How much cash should you carry?

open wallet

We live in an increasingly digital world. That digitization has made it easier and easier for individuals and businesses to forgo physical currency almost entirely. Where once you wouldn’t have been surprised by a business that didn’t accept credit cards, now even the kids at the end of the block with a lemonade stand can take payments in plastic.

But cash still exists and will for the foreseeable future. Which raises the question: what’s the ideal amount of cash to carry at any given time? Finding the right amount requires an understanding of your money personality and your goals.

What’s your relationship with credit?

Personally, I carry very little cash and use credit for most regular purchases. These purchases are budgeted out and repaid in full before any interest charges accrue. I do this to help build my credit history and because I trust myself to stick to my budget and make necessary payments on time.

Psychologically, however, credit can be a bit of a trap for a lot of people. For some, using credit can create a disconnect between what they’re spending and what they can actually afford. This can lead to repeated impulse buying, serious overspending, and debt problems down the line.

If credit gives you problems, you should probably consider leaving your credit cards at home when you shop and using cash instead. Paying with cash can be a very helpful way to keep your budget restraints in mind as you shop, because you only bring the amount of cash you plan to spend.

Weighing your values and priorities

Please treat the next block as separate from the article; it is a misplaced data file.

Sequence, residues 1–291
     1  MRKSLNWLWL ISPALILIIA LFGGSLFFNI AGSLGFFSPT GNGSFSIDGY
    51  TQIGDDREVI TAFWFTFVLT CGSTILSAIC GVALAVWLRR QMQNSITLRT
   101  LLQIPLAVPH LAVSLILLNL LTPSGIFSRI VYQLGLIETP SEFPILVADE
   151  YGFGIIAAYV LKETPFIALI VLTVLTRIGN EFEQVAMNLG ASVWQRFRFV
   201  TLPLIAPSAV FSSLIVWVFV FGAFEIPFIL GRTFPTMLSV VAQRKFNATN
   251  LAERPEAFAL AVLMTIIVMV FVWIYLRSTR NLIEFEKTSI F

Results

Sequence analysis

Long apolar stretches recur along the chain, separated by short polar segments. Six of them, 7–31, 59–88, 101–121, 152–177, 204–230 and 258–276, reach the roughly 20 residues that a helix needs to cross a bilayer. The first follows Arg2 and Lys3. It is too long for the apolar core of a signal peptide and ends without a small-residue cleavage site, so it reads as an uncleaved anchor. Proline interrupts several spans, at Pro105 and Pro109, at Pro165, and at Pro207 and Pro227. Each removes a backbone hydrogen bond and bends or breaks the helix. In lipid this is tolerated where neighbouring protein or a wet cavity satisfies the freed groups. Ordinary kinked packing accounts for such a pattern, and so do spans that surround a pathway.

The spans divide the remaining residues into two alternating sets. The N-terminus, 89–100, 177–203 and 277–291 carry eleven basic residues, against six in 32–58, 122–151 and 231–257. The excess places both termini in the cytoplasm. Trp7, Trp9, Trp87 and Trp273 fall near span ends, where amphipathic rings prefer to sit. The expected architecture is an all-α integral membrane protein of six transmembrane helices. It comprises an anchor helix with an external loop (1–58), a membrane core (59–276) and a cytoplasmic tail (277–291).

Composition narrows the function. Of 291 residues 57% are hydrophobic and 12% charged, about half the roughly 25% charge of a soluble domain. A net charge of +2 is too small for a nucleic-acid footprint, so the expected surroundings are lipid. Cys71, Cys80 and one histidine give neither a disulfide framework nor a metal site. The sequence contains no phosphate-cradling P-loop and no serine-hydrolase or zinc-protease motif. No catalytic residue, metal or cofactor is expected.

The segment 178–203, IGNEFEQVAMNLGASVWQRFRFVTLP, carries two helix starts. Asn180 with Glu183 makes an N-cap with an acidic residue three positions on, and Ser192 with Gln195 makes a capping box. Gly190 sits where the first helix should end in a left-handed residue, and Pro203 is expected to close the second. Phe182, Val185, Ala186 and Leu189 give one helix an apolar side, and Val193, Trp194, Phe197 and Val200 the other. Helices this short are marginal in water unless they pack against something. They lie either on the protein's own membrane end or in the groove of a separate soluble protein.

Your time has value. So it could be argued that, depending on how much you value your time, carrying a large quantity of cash may be in your best interests. This is because it takes time to go to the ATM repeatedly (as cash is needed), and because cash transactions are often faster (though I would argue this is pretty marginal) and less likely to suffer delays due to technological breakdowns.

Your peace of mind has value, too. Therefore, your personal anxieties should be taken into account. Do you feel better having an adequate amount of emergency cash on hand at all times? Or does carrying a large amount of cash make you feel nervous or unsafe?

And then there are the X factors. There’s a very good chance the paper money in your wallet is covered in bacteria. So even though you’re unlikely to ever get sick handling cash, if you’re a germaphobe you may be better off sticking to credit. I’ve even see people who say they prefer credit, because the pants they wear are too tight for more than a few bills. Different strokes for different folks.

Ultimately, the right amount of cash to carry is up to you. We’re fortunate to live in a time when you can do just fine not carrying any cash at all, or do equally well carrying heaps of cash wherever you go. It just comes down to knowing yourself and listening to your heart.

And if that doesn’t work - $50. Carry $50. That should cover it.

Tagged in Smart shopping, Psychology and money

Jesse Campbell is the Content Manager at MMI, focused on creating and delivering valuable educational materials that help families through everyday and extraordinary financial challenges.

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